It’s been two years in the making.
Two years since I began at Elancé as a beginner, immersed in the curious world of bun nets, spiky balls and convertible tights.
Two years since I stepped into the studio and fell in love with the way ballet makes me feel.
It was a place I never expected to find myself, let alone as an adult. Those first classes seem like a lifetime ago now, but who could forget the racing pulse, sweaty palms and hints of panic waiting for the music to start?
How intoxicated I was by the challenge of this strange and beautiful new universe.
The rules and rituals of ballet hooked me from the start. Class traditions that are so comforting in their familiarity, yet always possessing the air of a special occasion.
I hated not rising to that occasion. Making mistakes. Finishing out of time with the music. With each misstep, my cheeks burned and I would console myself in the futile hope that nobody saw me falter.
In our lives, we’re so often encouraged to keep it together and carefully curate what others see — at work, in public, on social media. Being at the mercy of the music in a ballet studio represented a loss of control that I just wasn’t comfortable with.
It was being forced to relinquish that control that helped me to finally let go.
Two years and 150 classes down, things feel different now. Confidence has come with time.
I never expect it to be easy: it wouldn’t be ballet without the agony and the ecstasy.
But in the studio — once a place of intense vulnerability — I feel freer than ever.
Class is a time when I can count on feeling at my most beautiful, in my bun and chiffon skirt.
Yet ballet offers me more than a fleeting sense of grace or grandeur: it’s a morale boost that ripples beyond the studio, arming me with tenacity to tackle life’s uglier moments.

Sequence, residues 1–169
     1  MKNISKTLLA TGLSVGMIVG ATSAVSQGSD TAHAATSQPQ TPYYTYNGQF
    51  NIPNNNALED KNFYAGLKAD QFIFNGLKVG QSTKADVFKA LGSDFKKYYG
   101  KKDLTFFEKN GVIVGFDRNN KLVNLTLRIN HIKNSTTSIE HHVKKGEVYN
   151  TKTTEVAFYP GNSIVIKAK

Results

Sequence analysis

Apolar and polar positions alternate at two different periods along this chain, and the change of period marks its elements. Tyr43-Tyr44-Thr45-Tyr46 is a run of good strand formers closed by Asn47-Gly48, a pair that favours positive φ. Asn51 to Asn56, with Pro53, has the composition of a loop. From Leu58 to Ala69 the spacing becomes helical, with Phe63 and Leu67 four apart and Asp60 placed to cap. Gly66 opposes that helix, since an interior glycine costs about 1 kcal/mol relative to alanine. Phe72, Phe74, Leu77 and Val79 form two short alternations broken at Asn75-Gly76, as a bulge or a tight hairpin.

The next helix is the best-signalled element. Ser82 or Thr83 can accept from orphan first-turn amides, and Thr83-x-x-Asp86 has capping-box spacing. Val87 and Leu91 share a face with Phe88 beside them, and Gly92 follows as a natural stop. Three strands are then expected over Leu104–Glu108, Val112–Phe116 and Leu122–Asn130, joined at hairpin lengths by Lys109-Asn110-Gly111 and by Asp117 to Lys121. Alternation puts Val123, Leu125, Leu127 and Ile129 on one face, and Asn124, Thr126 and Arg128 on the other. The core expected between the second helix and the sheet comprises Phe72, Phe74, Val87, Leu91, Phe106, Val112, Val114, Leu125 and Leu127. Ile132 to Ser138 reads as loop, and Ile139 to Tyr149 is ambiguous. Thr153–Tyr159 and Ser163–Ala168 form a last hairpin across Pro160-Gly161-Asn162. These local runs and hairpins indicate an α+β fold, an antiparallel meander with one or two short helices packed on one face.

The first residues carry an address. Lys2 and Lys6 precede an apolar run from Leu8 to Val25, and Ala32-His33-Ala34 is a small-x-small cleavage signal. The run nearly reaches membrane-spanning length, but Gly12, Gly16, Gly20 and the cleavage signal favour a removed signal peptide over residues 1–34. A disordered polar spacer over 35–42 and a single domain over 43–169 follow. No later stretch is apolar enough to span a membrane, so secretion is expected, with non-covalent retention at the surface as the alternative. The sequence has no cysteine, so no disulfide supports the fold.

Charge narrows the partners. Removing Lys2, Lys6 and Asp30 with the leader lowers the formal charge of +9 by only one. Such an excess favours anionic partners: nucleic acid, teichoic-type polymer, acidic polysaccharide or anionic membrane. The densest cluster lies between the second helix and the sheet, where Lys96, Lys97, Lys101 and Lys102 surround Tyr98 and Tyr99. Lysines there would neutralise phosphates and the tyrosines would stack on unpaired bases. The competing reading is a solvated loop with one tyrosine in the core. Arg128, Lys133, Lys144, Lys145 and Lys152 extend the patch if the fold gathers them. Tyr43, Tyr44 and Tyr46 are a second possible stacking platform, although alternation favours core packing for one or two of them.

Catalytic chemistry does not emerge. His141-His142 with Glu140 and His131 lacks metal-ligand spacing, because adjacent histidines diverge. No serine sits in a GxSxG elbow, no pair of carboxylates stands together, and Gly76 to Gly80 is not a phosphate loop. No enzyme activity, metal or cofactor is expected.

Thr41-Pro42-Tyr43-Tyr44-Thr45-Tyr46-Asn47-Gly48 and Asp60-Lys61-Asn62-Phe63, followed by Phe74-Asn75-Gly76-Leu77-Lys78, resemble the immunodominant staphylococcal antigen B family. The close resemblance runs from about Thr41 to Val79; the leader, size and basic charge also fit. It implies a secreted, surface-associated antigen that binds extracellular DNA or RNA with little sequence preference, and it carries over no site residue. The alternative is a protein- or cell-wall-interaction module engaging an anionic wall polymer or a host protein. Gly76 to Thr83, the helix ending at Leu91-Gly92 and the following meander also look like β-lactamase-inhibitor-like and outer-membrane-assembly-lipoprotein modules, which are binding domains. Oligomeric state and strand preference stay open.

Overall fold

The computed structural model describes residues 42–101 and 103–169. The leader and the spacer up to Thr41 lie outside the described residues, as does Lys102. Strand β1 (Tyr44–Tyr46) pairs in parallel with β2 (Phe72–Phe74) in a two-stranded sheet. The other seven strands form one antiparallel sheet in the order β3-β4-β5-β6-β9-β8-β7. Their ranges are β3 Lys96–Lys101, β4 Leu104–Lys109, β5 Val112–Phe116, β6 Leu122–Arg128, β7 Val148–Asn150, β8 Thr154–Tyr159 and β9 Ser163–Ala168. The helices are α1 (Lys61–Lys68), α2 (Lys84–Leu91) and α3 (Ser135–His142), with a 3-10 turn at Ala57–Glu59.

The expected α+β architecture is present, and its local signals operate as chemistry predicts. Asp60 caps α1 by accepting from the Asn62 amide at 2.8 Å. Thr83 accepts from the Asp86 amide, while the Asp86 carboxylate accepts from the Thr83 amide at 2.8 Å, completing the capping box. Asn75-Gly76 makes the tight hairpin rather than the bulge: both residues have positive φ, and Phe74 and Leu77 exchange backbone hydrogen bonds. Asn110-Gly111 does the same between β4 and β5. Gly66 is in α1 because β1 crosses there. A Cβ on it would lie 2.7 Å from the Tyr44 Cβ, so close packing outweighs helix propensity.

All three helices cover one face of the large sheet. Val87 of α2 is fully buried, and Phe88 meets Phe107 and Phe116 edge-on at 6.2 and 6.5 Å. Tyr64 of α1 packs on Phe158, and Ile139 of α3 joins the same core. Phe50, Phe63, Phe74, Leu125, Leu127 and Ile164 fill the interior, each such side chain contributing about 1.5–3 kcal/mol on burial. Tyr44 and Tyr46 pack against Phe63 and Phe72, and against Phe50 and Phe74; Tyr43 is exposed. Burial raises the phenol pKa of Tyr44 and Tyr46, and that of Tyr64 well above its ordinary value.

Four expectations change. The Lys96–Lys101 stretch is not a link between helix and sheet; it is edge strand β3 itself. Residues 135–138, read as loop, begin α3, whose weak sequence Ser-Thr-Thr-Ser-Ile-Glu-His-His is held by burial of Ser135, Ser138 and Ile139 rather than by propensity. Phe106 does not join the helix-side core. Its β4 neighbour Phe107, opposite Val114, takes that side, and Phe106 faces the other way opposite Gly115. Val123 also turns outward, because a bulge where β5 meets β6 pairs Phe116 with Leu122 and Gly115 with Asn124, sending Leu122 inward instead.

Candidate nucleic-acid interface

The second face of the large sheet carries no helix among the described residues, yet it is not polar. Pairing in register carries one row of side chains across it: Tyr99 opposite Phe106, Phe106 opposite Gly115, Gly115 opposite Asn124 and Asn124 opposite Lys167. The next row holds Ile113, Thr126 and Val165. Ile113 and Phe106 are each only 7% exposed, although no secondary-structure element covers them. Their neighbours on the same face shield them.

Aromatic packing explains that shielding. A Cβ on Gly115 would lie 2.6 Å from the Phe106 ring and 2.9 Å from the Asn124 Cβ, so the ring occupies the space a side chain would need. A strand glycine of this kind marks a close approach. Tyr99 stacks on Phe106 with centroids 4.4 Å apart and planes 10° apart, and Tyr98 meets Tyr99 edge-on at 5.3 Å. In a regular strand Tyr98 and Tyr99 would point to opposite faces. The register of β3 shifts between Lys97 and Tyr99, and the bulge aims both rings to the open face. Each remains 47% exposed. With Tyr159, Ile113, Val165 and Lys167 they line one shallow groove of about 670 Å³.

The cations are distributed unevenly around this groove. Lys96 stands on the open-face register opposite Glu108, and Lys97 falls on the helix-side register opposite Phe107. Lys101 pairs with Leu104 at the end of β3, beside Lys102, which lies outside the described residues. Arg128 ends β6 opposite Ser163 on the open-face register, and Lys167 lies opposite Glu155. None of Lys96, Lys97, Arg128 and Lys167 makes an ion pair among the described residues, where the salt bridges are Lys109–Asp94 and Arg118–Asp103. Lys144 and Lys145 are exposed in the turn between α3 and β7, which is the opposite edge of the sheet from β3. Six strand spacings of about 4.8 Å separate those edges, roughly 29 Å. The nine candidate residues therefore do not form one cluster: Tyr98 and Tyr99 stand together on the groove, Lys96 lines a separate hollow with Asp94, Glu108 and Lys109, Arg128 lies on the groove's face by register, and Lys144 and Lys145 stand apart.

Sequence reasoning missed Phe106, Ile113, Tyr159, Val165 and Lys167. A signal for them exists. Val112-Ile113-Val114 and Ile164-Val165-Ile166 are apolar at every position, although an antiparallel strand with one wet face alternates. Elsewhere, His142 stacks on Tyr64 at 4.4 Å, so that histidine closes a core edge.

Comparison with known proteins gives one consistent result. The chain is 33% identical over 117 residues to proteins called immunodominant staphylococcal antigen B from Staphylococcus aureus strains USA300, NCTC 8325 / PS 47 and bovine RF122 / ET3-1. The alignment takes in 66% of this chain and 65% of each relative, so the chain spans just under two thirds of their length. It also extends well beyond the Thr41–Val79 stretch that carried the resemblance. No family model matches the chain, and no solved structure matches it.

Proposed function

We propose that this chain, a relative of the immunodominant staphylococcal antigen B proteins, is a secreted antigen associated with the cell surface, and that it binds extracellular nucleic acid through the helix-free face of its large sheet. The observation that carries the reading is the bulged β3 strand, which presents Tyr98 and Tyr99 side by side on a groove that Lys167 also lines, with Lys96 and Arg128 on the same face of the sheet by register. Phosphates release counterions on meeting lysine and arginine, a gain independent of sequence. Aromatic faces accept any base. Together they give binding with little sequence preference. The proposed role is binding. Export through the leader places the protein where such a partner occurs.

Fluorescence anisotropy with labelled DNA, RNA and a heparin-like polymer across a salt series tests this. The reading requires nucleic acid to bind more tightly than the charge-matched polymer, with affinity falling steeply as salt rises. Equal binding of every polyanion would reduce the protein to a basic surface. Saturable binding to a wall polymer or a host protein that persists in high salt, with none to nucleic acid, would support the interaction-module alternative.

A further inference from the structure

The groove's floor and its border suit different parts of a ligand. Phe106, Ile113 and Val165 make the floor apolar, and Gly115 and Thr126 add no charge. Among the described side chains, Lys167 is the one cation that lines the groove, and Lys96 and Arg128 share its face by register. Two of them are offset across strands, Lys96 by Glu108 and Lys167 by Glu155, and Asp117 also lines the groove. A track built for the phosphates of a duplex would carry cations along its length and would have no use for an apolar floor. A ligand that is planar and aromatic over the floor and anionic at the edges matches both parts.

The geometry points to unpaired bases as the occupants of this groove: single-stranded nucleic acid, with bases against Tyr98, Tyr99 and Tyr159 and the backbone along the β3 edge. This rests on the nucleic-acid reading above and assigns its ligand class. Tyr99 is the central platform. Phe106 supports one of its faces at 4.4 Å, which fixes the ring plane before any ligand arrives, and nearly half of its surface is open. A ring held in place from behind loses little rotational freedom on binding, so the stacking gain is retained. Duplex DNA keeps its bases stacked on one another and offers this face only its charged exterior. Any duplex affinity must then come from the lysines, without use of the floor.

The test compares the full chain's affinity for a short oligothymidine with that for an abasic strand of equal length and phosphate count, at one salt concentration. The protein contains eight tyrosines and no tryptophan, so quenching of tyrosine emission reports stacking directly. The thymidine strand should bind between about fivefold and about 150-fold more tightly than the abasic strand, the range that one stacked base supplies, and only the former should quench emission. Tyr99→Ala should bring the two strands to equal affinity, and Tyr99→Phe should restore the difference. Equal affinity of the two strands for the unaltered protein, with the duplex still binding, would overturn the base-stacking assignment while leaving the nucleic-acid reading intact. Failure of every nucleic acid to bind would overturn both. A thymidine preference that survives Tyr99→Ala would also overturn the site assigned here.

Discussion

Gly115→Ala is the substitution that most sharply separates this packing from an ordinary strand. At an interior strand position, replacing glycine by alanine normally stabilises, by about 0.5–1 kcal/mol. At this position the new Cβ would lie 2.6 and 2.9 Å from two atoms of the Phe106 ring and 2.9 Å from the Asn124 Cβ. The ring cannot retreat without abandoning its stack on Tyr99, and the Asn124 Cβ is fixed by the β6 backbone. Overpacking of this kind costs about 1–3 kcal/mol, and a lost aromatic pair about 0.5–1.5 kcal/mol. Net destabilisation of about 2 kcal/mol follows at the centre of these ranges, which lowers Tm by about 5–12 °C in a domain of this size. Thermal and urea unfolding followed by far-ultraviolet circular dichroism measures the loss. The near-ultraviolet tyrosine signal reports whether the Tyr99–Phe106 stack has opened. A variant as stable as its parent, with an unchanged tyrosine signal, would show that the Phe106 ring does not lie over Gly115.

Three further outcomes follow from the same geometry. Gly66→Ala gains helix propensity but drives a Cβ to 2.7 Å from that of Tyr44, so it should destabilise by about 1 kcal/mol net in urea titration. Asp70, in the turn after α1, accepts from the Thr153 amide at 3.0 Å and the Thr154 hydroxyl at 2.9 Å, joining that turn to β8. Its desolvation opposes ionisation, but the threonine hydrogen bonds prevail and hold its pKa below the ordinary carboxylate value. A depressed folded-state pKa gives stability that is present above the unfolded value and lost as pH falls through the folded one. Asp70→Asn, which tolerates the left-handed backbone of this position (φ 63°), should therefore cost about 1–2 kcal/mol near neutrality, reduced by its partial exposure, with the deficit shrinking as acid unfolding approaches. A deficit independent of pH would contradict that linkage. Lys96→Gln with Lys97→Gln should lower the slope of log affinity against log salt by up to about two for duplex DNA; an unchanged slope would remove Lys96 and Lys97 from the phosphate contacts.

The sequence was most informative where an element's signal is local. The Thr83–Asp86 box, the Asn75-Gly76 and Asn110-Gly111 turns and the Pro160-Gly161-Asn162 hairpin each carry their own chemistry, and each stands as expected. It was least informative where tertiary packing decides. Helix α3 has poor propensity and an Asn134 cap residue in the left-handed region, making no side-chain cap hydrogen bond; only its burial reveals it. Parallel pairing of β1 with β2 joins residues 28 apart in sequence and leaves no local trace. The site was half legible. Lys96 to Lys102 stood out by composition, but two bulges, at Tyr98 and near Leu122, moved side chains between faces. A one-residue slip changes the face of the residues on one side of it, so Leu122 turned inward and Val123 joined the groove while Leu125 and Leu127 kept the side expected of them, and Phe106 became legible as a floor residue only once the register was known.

I embody a bolder, braver persona when I’m dancing, slipping into character and peeling away layers of self-consciousness and doubt.
They say that “all the world’s a stage” and I’ve found there’s nothing better than a glittering, ballet-inspired performance to shed my insecurities outside the studio as well.
In the corporate world, when presenting a report or pitching an idea, could I not just wheel out my stage persona, unburdened by the anxieties of my real self?
My persona might be a character from ballet-lore. In the boardroom, I could strategise with the deftness of Carabosse, or seduce people to believe in my vision with the pluckiness and attack of Odile.
But it might just be that better version of me. That momentarily fearless girl at the barre, right before I take my breath. Strong and stunning and powerful and free. Ready for a challenge.
Ballet is my secret weapon. A silent ally reminding me of an infallible, more confident version of myself.
A failed campaign at work is no tragedy to rival Romeo and Juliet, but an opportunity to realign. I know to simply shift my weight, comfortable in the knowledge that my centre is always there, waiting for me to find it again.
My ballet secret is the quiet murmur in the back of my mind telling me “actually yes, you can do this.” If you can do ballet, you can do this.
But that’s not to say I’ve never let my secret slip.
There are stolen moments for serious practice. A relevé to reach a dish in the staff kitchen, a delicate port de bras to retrieve a dropped pen, or a petit jeté to pass time in the photocopy room.
When caught in the act, my heart races. The familiar twang of self-consciousness is back. But I always hear the same voice in my head:
“Whatever you do, do it beautifully…”
Controlled lower from demi pointe.
Swift but spectacular exit offstage.
Out of the photocopy room, and back to reality.
But only until my next performance.
By Nadia Boyce